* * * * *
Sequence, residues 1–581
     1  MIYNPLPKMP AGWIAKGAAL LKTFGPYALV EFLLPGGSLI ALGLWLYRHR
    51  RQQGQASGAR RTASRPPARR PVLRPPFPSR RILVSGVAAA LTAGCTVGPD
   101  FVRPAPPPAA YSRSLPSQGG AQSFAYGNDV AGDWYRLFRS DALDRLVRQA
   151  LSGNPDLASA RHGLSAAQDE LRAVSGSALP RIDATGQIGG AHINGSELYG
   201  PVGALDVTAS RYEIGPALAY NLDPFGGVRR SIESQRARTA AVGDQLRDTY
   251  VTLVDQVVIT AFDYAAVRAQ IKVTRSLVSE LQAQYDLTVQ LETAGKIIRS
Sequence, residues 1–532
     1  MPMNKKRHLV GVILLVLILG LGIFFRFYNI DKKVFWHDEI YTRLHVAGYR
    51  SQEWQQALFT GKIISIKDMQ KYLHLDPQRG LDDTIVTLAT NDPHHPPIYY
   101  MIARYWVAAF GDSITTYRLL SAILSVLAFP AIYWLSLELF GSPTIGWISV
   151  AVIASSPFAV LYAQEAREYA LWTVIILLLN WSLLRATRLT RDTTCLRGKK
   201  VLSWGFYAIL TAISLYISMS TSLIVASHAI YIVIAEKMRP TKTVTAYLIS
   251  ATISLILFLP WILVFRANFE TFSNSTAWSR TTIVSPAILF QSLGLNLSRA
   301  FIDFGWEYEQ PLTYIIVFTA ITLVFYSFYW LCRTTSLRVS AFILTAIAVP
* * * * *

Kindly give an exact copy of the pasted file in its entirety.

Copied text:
Sequence, residues 1–581
     1  MIYNPLPKMP AGWIAKGAAL LKTFGPYALV EFLLPGGSLI ALGLWLYRHR
    51  RQQGQASGAR RTASRPPARR PVLRPPFPSR RILVSGVAAA LTAGCTVGPD
   101  FVRPAPPPAA YSRSLPSQGG AQSFAYGNDV AGDWYRLFRS DALDRLVRQA
   151  LSGNPDLASA RHGLSAAQDE LRAVSGSALP RIDATGQIGG AHINGSELYG
   201  PVGALDVTAS RYEIGPALAY NLDPFGGVRR SIESQRARTA AVGDQLRDTY
   251  VTLVDQVVIT AFDYAAVRAQ IKVTRSLVSE LQAQYDLTVQ LETAGKIIRS
Sequence, residues 1–532
     1  MPMNKKRHLV GVILLVLILG LGIFFRFYNI DKKVFWHDEI YTRLHVAGYR
    51  SQEWQQALFT GKIISIKDMQ KYLHLDPQRG LDDTIVTLAT NDPHHPPIYY
   101  MIARYWVAAF GDSITTYRLL SAILSVLAFP AIYWLSLELF GSPTIGWISV
   151  AVIASSPFAV LYAQEAREYA LWTVIILLLN WSLLRATRLT RDTTCLRGKK
   201  VLSWGFYAIL TAISLYISMS TSLIVASHAI YIVIAEKMRP TKTVTAYLIS
   251  ATISLILFLP WILVFRANFE TFSNSTAWSR TTIVSPAILF QSLGLNLSRA
   301  FIDFGWEYEQ PLTYIIVFTA ITLVFYSFYW LCRTTSLRVS AFILTAIAVP